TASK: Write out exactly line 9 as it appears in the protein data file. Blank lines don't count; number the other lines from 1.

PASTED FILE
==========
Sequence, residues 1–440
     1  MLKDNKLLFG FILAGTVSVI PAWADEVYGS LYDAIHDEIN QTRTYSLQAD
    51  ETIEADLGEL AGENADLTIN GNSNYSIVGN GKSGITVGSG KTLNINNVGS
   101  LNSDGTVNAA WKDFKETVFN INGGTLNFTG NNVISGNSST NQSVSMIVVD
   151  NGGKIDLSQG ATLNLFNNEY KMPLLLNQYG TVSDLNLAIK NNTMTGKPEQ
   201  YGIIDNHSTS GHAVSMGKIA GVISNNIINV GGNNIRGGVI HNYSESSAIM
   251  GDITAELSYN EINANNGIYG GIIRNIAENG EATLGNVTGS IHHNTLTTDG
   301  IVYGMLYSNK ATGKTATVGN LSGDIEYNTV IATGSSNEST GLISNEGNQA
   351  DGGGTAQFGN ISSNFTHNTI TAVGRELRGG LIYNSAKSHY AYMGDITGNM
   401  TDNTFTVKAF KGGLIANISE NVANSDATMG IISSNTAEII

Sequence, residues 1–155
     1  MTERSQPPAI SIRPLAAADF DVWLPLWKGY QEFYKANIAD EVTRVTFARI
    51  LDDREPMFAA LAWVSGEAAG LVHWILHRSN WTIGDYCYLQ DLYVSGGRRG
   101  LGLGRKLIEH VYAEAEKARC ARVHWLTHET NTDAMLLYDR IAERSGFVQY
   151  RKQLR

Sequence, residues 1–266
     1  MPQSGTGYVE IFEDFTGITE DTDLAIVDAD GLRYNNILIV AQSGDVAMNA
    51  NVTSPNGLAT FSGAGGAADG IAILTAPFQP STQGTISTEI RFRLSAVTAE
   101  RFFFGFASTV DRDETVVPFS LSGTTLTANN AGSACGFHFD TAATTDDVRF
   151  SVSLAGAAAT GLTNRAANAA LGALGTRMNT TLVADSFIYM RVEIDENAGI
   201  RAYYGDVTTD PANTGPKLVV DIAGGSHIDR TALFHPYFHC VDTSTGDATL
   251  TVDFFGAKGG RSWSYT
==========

   351  DGGGTAQFGN ISSNFTHNTI TAVGRELRGG LIYNSAKSHY AYMGDITGNM